Coffee consumption linked to reduced mortality risk

A new study suggests that “coffee drinkers are slightly more likely to live longer than non-coffee” drinkers.

The Los Angeles Times reports that for the study, published in the New England Journal of Medicine, “the National Cancer Institute researchers turned to data on 402,260 adults who were between the ages of 50 and 71 when they joined the NIH-AARP Diet and Health Study in 1995 and 1996. The volunteers were followed through December 2008 or until they died – whichever came first.”

The researchers found that, “compared with men who didn’t drink any coffee at all, those who drank just one cup per day had a 6% lower risk of death during the course of the study; those who drank two to three cups per day had a 10% lower risk, and those who had four to five cups had a 12% lower risk.”

The Wall Street Journal “Health Blog” reports that Neal D. Freedman, a National Cancer Institute researcher and the study’s lead author, said, “It offers some reassurance for coffee drinkers,” but “we shouldn’t say coffee is a fountain of youth or anything like that.”

The New York Times  “Well” blog reports that according to Freedman, “the biggest concern for a long time has been that drinking coffee is a risky thing to do. Our results, and some of those of more recent studies, provide reassurance for coffee drinkers that this isn’t the case.”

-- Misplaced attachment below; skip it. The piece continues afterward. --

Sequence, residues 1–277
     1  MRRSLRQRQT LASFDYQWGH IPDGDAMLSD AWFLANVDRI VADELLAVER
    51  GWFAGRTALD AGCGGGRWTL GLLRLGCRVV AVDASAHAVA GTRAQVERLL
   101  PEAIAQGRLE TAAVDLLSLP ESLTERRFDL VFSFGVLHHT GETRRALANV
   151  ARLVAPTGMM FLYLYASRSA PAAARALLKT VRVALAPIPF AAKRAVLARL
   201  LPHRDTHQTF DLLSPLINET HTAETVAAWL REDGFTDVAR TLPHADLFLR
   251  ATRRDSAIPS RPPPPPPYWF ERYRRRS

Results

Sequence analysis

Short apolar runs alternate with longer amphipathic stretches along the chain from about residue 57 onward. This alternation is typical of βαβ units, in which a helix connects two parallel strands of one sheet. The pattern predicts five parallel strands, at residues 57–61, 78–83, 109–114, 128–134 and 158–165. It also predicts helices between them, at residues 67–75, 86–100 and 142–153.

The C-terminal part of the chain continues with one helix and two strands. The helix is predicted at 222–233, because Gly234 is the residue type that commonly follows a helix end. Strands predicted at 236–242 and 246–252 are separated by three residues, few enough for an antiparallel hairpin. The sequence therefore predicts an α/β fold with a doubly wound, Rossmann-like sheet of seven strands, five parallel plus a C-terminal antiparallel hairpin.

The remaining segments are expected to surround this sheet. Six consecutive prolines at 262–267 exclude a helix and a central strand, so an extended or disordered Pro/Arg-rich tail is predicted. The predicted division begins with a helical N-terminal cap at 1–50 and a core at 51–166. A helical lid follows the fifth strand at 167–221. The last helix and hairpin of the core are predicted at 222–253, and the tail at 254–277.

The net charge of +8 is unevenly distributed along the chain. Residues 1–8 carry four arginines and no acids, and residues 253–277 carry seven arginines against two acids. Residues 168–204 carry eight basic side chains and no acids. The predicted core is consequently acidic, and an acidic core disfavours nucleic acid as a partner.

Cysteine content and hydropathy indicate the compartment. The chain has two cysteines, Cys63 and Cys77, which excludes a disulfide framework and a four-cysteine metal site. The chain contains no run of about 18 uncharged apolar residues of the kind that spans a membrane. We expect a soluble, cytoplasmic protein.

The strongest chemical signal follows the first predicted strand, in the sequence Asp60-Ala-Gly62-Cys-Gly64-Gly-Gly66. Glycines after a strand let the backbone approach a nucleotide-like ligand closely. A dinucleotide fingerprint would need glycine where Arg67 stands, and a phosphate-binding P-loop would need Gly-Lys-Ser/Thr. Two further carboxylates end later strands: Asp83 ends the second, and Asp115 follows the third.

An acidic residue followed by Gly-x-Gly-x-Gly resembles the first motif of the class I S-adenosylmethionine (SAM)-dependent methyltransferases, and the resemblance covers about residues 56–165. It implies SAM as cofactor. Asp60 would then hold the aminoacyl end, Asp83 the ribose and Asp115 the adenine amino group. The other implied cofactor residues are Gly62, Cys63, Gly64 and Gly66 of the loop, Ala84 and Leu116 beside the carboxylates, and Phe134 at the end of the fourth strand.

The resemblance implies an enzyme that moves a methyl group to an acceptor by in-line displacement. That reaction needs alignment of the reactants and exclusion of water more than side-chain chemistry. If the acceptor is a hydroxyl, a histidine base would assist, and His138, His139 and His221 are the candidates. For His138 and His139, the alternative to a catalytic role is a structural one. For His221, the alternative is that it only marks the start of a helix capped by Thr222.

Individuals “who are regularly drinking coffee have a similar risk of death as nondrinkers, and there might be a modest benefit.”

USA Today reports, “Coffee drinkers also were a little less likely to die from specific causes: heart disease, respiratory problems, strokes, injuries and accidents, diabetes and infections.”

The AP reports, “About two-thirds of study participants drank regular coffee, and the rest, decaf. The type of coffee made no difference in the results.”

Bloomberg News reports that “coffee wasn’t associated with a lower risk of dying from cancer in women. In men who drank the most coffee, there was a slightly higher chance of dying from cancer, the research reported.”

CNN reports that “the findings … stop short of saying that coffee drinking directly lowers the risk of chronic disease.”

HealthDay reports that “the authors cautioned that participants were not asked if their coffee-drinking habits had changed over the study period. Also, the study did not take into account pre-existing health issues.”

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